Money2020 US has closed for another year, so here are a few interesting trends and developments that I heard about in the conference sessions – though with several days of content and often four parallel streams I was not able to cover every session. The event does not seem to have any limits, having grown to over 11,000 delegates this year with more exhibition space as well.
While the main themes have not changed much from last year – security, speed, ubiquity – there was more talk on what more should be done to improve the reach of payments and banking services to reach the unbanked and underbanked which, even in the US, are a significant portion of the population.
So what stuck out to me as the main talking points this year?
Streamlining onboarding with data
One of the frustrating elements of signing up for a new service, such as a bank account or a phone contract, for consumers is the amount of information you need to provide. Where you have to print an electronic utility bill to prove your address is one example of the perverse nature of the process. For the business it has the challenge is validating the information to prevent fraudulent claims.
A session on Wednesday morning introduced a scheme being rolled out in Canada where business are willing to electronically share the data they hold subject to the consumer giving permission. So from my mobile banking app I can approve that my bank shares income data or address information to the mobile operator when purchasing that new phone contract.
But it also means they do not get too much information – I have not shared the entire banks statement which is the process today. Keeping the customer in control is essential in this process, but it looks to be an excellent example of where cooperation across businesses can remove friction from the purchase process.
A more contextual experience
Contextual commerce is an area which keeps on developing as data analysis gets better (which links to the sessions on the opening day I covered here). Correctly anticipating the customer’s demand is the nirvana state that many are trying to reach. One panel discussing this, suggesting there are times, though, when you need to stop and let the customer make the next move or initiate the action.
As in many sessions, thinking about the customer, their experience and their situation is key to successful contextual commerce. It is great having buttons for instant purchase everywhere, but is the consumer going to interrupt their process to use the button? Could there be an automated process that anticipates the need for the purchase anyway. I wrote last week about anticipating the need to fill the car with fuel – that can be extended to other scenarios such as buying powder for the washing machine.
That same panel also raised the challenge of the proliferation of devices and mechanisms for ordering goods and services, all with their own menu hierarchies and options at each layer. Something needs to happen to simplify this and the obvious mechanism to use is voice commands.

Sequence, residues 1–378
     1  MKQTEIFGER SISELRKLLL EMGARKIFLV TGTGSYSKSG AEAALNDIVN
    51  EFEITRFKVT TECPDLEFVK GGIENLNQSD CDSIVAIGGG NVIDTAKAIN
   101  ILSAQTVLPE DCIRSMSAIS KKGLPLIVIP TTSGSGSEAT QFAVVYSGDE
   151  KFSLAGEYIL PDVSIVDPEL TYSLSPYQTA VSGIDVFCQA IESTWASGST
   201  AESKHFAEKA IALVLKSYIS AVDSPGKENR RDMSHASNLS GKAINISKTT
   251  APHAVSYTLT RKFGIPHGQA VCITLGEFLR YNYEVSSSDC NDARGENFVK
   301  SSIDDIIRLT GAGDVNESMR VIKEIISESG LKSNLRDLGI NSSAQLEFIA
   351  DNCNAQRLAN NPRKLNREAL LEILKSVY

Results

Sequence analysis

Understanding natural voice commands has come a long way with Siri, Alexa and others. so it is practical to make use of these capabilities in many situations. At NCR’s booth, we showed the use of the voice to request balance and other account information. Equally a single statement of ‘order a cheeseburger and fries pay with my debit card’ simplifies the process significantly.
Where the generational gap still exists
Of course differences in the generations came up in many sessions – but several presenters pointed out that in fact all generations have really adopted the smartphone. Making a process mobile first is therefore essential not just to meeting the needs of millennials and younger age groups but also to those of the baby boomers.
However, there are differences that do need to be allowed for. For instance, Generation Z will trade any of their information and are much less concerned about privacy. Accenture’s research indicated they were 11 times more likely to share payments data than baby boomers. So research data is important to recognize where there are differences.
Blockchain triumphs in Payments Race
One of the more interesting features was the Money2020 Payments Race, where five people had travelled from Toronto to Las Vegas using specific payments mechanisms with specific stopover points along the way. One individual had to just use gold for all his purchases, another contactless payments, another chip-and-PIN, another Bitcoin, while the last had a suitcase of one dollar notes. The winner? Perhaps surprisingly, it was the blockchain-backed cryptocurrency.
But why was this? We heard during the conference that significant volumes of transactions around the world are now contactless – in the case of Australia it is 91 percent of in person payments. But in the US it is less than one percent. So it not surprising that the person trying to use contactless failed to even complete the journey.
Surprisingly chip-and-PIN was difficult to use in some places. Cash was also challenging, as so many things are now expected to be reserved or paid for online, which is impossible with cash. So the person with Bitcoin actually won the race – but that was mainly because of the community of enthusiasts who supported the process.
As with any conference, there are some wild predictions, some surprising analyses, and some that were not surprising. But one strong impression from many at Money2020 was the collaboration that is underway between banks and fintechs to better service consumers recognising that there is a role for both types of organisation. Long may that collaborative nature continue.